URBANA – The University of Illinois could have to undergo yet another analysis of Chief Illiniwek and its effect on the campus, under recommendations recently approved by the NCAA.
The organization's executive committee approved a recommendation asking schools with American Indian mascots, nicknames or logos to complete a "self-analysis" to determine if the mascot, nickname or logo can be viewed as offensive.
The UI has already spent countless hours on the Chief Illiniwek controversy.
The campus held a two-day dialogue in spring 2000, presided over by former Cook County Circuit Judge Louis B. Garippo, to hear various views on the issue. Then the UI Board of Trustees appointed former Trustee Roger Plummer to explore options for resolving the controversy.
Plummer issued a report in March 2002 concluding there can be no compromise on the issue, but recommending the UI take steps to either retire the Chief in a way that recognizes its importance to the campus or make changes to make the symbol less offensive.
"We've done an exhaustive (analysis), we think," said UI spokesman Bill Murphy. "We think the Plummer report is an exhaustive self-study and we think a good one. Whether it will be responsive to what they're asking for, we won't know until we know what they're asking for, which won't be until September of next year."
Jeff Howard, a spokesman for the NCAA, said the organization might consider Plummer's report sufficient to fulfill its request for a self-analysis.
"I think that could be looked at, as long as the criteria that is developed is also criteria that the university actually went through," Howard said.
He said the analyses are another way for the NCAA to gather information about its members' use of American Indian mascots or nicknames, as well as a way for schools to gauge how their constituents feel about the images.
The NCAA will develop self-analysis materials, which the executive committee will review in August 2004. If approved, they'll be distributed to NCAA institutions in September 2004, and the schools must complete the self-analysis by Aug. 1, 2005.
The executive committee also asked NCAA conferences with schools using American Indian symbols to review their policies regarding contests on the campuses of the schools and awarding championships to those schools.
Finally, it endorsed the following actions:
– Developing a checklist for affected schools to use in their self-analysis.
– Continuing to monitor the use of mascots, nicknames, logos and behaviors pertaining to the issue.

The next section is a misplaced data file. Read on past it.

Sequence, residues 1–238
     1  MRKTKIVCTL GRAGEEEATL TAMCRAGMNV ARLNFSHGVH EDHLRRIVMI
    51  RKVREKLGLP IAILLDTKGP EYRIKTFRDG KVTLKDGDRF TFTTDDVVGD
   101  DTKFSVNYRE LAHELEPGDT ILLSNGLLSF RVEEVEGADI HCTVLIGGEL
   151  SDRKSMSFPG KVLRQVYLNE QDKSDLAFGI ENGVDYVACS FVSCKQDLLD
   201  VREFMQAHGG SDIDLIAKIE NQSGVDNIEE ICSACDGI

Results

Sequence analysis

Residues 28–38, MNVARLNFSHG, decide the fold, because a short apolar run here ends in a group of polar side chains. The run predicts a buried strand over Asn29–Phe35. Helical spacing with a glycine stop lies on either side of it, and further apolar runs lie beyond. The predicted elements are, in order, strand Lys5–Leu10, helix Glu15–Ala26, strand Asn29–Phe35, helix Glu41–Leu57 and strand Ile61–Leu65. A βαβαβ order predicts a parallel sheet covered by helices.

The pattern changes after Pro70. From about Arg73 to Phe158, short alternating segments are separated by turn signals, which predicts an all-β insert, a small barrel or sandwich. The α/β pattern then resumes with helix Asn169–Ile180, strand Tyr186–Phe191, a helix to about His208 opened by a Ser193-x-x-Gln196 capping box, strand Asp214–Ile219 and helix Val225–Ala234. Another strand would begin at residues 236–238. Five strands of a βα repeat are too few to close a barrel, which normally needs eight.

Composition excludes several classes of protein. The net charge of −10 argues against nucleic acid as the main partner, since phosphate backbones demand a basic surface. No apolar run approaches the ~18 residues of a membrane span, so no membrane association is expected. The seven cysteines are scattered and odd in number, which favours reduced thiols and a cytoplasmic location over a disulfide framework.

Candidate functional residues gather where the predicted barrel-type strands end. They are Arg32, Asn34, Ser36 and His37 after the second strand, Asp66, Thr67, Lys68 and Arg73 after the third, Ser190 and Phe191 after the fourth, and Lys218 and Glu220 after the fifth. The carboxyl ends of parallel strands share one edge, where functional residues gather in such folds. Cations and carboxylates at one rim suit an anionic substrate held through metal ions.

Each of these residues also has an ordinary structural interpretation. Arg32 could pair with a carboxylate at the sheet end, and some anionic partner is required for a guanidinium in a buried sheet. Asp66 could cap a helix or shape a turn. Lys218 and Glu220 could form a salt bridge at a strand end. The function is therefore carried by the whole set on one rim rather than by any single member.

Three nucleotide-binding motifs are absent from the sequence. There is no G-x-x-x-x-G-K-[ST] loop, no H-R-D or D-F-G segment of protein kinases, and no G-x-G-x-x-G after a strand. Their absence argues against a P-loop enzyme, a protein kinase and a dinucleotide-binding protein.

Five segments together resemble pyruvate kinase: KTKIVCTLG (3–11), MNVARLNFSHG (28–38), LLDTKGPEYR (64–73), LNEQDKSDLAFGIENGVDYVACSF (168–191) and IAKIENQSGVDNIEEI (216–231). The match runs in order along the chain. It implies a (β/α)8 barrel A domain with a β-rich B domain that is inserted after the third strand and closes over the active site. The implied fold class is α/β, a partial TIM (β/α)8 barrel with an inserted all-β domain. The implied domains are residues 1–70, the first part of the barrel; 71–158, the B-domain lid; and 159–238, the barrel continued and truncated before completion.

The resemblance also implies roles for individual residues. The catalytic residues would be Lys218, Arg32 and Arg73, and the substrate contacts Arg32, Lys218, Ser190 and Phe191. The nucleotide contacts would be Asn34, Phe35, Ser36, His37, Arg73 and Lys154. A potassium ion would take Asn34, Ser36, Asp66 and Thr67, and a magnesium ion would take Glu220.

– Establishing criteria for NCAA championship sites and venues that include review of the visibility of American Indian mascots, logos and symbols.
– Establishing criteria to ensure schools participating in NCAA championships adhere to the NCAA's principles of student-athlete welfare, cultural and gender diversity, sportsmanship and nondiscrimination.
The executive committee did not approve a recommendation that would have required elimination of all references to American Indian mascot names, nicknames and logos in NCAA publications and announcements.
Murphy said UI and athletic department officials have not yet talked with the NCAA about the recommendations. But he questioned what the conference review could mean for the UI.
"When they are asking not only institutions to do a self-analysis, but also asking conferences to do a self-analysis and to review conference policies on awarding championships ... does that mean they wouldn't allow championships to institutions who used (American Indian mascots)?" Murphy asked.
Howard said the request for a conference review is a way for them to look at their policies and make choices about championship events and any possible restrictions, rather than the NCAA.
"If the analysis from the individual school is, 'We may have a problem' or 'We want look at this a little bit further,' it should go to the conference as well, as they're looking to make their decisions about what institutions will host championships," he said.
The executive committee's actions were based on recommendations from a report issued last year by the NCAA's Minority Opportunities and Interests Committee.
"My take on that report is that it does represent a strong point of view (in opposition to such mascots)," Murphy said.
The report suggested possible courses of action for the NCAA, which included restricting championship opportunities for schools with American Indian mascots; prohibiting those schools from bringing mascots, cheerleaders, bands or displaying certain logos at championship competition sites; or forbidding those schools from hosting championships. However, the committee did not make a recommendation that such policies be adopted.
After reviewing the minority opportunity committee's report, the NCAA's Division I Championships/Competition Cabinet issued a statement in February saying access to or the location of championship events should not be restricted because of issues related to the use of American Indian mascots or images.
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